¶ 12 On cross-examination, Walton stated that about 4:15 a.m. on March 6, 2005, he spoke with an assistant State's Attorney, that the assistant State's Attorney prepared a written statement from their conversation and read it back to him, and that he then signed each page. Walton also stated that although he told the assistant State's Attorney that defendant had said at the gas station that he would come back to kill him and Jamison, the assistant State's Attorney did not include that part when she read the statement back to him and he did not alert her of the error. In addition, Walton stated that although it was his gang's policy to do harm to members of a rival gang and he and defendant were in rival gangs, it was not his gang's policy to lie to police about a rival gang member. Walton further stated that Jamison threw a baseball bat at defendant's car as he drove away from the gas station. On redirect examination, Walton testified that defendant said at the gas station that he would be back "to clear him up" and that he believed defendant had intended that to mean that he would kill him and Jamison.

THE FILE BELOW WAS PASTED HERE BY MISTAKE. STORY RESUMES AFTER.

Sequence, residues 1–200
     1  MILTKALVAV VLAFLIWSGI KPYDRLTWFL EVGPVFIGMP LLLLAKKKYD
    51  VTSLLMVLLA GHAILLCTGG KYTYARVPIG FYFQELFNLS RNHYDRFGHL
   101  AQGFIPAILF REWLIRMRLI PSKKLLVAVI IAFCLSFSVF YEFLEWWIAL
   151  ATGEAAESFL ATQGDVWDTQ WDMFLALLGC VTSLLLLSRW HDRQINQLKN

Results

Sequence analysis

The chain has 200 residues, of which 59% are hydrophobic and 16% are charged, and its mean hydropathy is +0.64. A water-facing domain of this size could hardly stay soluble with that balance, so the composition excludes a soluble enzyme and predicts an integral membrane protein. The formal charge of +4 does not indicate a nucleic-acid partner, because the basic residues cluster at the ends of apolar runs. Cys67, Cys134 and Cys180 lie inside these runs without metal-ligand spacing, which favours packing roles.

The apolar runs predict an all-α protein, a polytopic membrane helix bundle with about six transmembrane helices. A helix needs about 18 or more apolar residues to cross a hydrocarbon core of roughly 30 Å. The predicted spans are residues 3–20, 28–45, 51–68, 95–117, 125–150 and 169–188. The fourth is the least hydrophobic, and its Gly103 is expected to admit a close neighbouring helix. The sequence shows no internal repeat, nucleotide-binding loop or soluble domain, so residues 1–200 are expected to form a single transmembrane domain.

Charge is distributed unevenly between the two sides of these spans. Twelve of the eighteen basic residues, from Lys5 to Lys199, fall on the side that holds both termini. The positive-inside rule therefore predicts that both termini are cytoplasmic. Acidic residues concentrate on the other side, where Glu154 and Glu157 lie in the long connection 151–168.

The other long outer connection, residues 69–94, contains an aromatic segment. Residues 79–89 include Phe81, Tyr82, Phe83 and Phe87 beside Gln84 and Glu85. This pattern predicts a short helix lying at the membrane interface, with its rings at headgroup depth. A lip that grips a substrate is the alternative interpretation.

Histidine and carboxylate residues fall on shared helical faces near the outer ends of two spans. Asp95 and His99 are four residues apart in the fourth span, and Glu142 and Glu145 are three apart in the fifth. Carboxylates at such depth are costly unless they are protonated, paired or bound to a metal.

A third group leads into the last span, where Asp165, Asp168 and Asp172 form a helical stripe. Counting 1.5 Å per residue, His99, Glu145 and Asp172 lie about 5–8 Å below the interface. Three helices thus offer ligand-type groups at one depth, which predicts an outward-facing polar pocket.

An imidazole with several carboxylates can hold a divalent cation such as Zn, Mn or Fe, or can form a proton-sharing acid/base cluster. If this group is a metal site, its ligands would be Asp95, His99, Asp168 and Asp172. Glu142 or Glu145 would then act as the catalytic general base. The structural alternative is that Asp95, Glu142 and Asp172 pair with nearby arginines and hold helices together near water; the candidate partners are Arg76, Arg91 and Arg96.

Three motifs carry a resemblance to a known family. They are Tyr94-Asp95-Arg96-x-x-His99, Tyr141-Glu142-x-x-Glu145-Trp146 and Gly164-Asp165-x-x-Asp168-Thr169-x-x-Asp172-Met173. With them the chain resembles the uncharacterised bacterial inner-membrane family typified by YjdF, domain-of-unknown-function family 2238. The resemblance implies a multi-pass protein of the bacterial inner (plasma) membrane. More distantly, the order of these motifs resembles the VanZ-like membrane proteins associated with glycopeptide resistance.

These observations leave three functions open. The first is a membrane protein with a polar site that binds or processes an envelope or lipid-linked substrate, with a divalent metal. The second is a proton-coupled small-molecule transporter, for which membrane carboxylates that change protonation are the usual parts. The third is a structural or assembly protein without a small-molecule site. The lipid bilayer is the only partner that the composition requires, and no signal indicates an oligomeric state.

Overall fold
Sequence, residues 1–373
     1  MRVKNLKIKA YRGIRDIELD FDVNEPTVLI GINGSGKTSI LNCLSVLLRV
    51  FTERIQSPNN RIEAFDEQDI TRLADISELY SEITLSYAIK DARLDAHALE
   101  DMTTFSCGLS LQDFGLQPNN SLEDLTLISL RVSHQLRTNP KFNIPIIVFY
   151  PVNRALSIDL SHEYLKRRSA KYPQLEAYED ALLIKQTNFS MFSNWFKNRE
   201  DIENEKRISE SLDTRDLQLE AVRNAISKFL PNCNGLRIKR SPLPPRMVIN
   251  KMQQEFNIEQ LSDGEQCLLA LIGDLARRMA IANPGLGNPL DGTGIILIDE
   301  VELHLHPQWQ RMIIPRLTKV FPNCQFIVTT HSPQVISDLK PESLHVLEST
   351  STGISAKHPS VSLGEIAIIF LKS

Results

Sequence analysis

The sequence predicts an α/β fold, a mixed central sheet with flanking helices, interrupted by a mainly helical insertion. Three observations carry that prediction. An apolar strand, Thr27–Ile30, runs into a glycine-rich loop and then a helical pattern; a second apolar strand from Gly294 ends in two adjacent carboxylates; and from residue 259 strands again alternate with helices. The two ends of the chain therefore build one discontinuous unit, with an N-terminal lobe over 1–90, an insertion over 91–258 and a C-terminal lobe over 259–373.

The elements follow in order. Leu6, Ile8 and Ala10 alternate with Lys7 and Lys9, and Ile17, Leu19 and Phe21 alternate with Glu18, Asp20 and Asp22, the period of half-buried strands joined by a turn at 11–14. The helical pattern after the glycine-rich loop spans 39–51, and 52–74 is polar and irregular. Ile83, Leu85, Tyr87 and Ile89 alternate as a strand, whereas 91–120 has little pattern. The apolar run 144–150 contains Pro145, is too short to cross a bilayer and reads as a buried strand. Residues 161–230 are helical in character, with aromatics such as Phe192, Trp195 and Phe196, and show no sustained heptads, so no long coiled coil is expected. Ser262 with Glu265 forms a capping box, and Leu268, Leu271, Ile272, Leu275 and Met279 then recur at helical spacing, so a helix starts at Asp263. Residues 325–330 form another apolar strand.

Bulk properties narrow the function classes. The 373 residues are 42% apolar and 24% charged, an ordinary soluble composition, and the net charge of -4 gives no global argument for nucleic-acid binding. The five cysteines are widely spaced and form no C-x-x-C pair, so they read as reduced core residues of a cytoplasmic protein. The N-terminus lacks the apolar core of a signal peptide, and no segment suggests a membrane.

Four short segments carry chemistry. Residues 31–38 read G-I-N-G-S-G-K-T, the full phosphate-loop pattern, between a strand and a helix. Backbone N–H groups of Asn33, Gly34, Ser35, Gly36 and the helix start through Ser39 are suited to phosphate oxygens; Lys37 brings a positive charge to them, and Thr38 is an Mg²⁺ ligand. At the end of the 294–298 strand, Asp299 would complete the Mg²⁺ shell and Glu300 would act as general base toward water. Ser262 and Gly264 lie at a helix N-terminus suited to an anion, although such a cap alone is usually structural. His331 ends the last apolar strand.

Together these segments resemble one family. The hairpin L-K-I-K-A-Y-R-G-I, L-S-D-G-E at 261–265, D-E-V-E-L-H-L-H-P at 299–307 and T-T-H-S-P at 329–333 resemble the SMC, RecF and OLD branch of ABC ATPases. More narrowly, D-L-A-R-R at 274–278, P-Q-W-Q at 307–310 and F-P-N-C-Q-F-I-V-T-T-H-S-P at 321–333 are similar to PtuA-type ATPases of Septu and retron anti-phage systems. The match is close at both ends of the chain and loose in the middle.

¶ 13 Chicago police forensic investigator Robert Tovar testified that about 10:30 p.m. on March 4, 2005, he went to the area of 6502 South Blackstone and observed a Chevrolet Lumina, which had been damaged and appeared to have struck a parked car. Investigator Tovar further testified that he observed and recovered firearm evidence that was strewn around the street and the car. Forensic scientist Fred Tomasek, an expert in firearms identification, testified that he analyzed the firearm evidence collected by Investigator Tovar and determined that the fired cartridge cases had all been fired from the same firearm; that the fired bullets, bullet jackets, and bullet jacket fragments had all been fired from the same firearm; and that it was not possible to compare the fired cartridge cases with the bullets, jackets, and fragments.

¶ 14 Based on this evidence, the jury found defendant guilty of the first degree murder of Jamison and the attempted first degree murders of Roundtree and Walton. Defendant was then sentenced to 50 years' imprisonment for murder and two concurrent 28-year terms for attempted murder to run consecutively to the sentence for murder.

¶ 15 ANALYSIS

¶ 16 I. Gang Evidence